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Dealing with separation anxiety is a common problem for dog owners.  How do you know if your dog suffers from his/her “separation” from you?

Typical signs are:

(1). Unwanted behavior (destruction to the house, howling, whining, “accidents”, pacing or drooling)

(2). She shows fulsome, frantic greeting behaviors

(3). The behavior occurs frequently, whether left for a few minutes or a few hours

(4).  She reacts with excitement, depression, or anxiety to departure cues

Scenarios that can trigger separation anxiety

(1). A dog accustomed to constant human companionship is left alone for the
first time.

(2). A dog suffers a traumatic event such as time at a shelter or boarding
kennel.

(3). There’s a change in the family’s routine (Back to School) or the loss
of a family member or pet.

How to treat minor separation anxiety

(1). Don’t make a big fuss about your coming and going.  Simply: “I’ll be back”!  & “I’m home”! is enough. When you come home, ignore her for a few minutes then calmly pet her

(2). Change your routine; pretend to get ready to leave (make-up, grab the
purse or briefcase,) then sit down to read the paper instead.  Repeat this “change” often to desensitize her fear of your leaving

(3). Leave behind something that smells like you, such as a T-shirt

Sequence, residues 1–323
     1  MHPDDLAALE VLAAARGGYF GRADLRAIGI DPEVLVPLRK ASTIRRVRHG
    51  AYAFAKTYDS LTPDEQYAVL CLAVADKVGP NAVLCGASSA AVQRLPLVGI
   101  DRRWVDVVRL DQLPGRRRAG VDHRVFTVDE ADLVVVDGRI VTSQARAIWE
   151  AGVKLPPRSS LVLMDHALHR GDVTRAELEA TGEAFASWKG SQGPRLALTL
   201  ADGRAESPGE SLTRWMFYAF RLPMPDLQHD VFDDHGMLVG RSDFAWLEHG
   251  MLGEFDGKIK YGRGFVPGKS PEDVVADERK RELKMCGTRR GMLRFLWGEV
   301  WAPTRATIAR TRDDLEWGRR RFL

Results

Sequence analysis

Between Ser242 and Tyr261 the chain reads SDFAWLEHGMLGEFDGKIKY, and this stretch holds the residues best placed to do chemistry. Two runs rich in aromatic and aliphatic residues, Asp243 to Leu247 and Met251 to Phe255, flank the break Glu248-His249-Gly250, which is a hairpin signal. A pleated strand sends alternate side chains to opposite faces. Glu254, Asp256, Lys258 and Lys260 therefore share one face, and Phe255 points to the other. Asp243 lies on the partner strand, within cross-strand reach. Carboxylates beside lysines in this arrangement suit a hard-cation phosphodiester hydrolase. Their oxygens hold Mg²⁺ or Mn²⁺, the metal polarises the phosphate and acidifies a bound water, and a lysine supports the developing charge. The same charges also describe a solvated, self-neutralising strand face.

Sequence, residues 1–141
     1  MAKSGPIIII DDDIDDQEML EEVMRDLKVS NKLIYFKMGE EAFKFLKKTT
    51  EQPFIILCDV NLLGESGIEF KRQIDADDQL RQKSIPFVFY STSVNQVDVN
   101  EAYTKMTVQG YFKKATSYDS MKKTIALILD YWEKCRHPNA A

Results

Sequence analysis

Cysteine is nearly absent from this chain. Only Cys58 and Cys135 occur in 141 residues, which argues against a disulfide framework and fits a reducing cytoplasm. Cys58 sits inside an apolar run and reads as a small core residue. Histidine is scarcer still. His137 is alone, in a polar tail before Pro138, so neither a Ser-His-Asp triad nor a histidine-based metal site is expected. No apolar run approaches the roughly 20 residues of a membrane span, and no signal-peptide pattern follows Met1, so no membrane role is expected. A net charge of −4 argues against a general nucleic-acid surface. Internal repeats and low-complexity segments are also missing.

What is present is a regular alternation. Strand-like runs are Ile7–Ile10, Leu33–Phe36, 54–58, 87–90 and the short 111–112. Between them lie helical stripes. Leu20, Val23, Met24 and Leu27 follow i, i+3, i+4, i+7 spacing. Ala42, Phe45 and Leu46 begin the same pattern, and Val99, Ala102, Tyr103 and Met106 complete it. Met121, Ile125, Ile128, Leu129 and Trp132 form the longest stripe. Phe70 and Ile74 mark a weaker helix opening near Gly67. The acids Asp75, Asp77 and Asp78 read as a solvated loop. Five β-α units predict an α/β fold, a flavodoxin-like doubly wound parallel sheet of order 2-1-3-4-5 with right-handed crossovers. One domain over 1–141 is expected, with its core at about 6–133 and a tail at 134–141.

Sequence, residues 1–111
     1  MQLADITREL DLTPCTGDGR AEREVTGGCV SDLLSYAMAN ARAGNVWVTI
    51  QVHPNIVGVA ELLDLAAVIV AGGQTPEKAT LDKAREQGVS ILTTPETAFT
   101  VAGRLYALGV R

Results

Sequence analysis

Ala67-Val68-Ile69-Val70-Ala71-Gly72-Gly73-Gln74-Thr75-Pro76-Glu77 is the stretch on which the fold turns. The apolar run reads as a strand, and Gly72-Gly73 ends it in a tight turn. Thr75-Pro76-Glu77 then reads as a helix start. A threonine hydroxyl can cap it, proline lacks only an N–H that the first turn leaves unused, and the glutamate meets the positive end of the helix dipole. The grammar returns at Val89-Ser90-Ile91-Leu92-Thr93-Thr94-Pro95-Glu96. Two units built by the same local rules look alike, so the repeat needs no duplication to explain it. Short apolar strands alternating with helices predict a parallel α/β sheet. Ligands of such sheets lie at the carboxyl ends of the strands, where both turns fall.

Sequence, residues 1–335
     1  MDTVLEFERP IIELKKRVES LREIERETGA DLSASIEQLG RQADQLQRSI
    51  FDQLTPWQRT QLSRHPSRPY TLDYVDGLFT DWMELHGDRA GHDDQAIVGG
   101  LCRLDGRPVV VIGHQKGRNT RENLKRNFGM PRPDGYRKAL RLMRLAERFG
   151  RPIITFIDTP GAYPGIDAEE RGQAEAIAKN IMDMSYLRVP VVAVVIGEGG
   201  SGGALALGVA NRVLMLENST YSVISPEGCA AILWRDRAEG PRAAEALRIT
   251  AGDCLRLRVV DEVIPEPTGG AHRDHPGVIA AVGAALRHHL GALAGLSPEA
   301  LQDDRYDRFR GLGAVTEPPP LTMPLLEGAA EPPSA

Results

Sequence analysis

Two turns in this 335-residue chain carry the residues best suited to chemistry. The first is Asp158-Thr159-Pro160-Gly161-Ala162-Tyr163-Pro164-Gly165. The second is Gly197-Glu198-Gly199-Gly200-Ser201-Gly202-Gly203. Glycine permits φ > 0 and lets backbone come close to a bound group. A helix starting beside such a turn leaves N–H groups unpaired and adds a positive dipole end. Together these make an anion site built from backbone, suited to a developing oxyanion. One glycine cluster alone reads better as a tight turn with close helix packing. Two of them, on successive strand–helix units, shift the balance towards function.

(4). Turn on the radio or TV and provide busy toys for entertainment

(5). Consider getting another dog (twice the fun!)

(6). Create a “safe place” for her if she’s destructive. (A safe
place should have sufficient room to roam, preferably with a window to see
outside and never in an isolated place nor crated all day!)

(7). Provide plenty of exercise; a daily walk not only tires her out but
also provides mental stimulation

(8). Increase her self-confidence by playing games with her and let her
win!

(9). Create the hierarchy that YOU are Pack Leader (she may be worried
about you)

 

Other methods of treatment

(1). Take your dog to a CAGE-FREE day care facility

(2). Leave her with a friend, family member, or neighbor when you’re away.

(3). Take your dog to work with you, if possible.

(4). Consult with your Vet re: Nutritional supplements such L-Theanine or calming herbs such as Chamomile, Lavender, St. John’s Wort  or Rescue Remedy

(5). Consider D.A.P. – Dog Appeasing Pheromone – a plug-in diffuser (you can’t smell it but she can!)

(6). Consider buying a Thundershirt.  See description under Pet Products & Partners on this website

This information is garnered from a number of pet
experts, including Family Pet Center, Humane Society and countless PetMed
authors
, along with personal observations from living with dog guests of Doolittle’s Doghouse.

Tori Levitt,Owner

 

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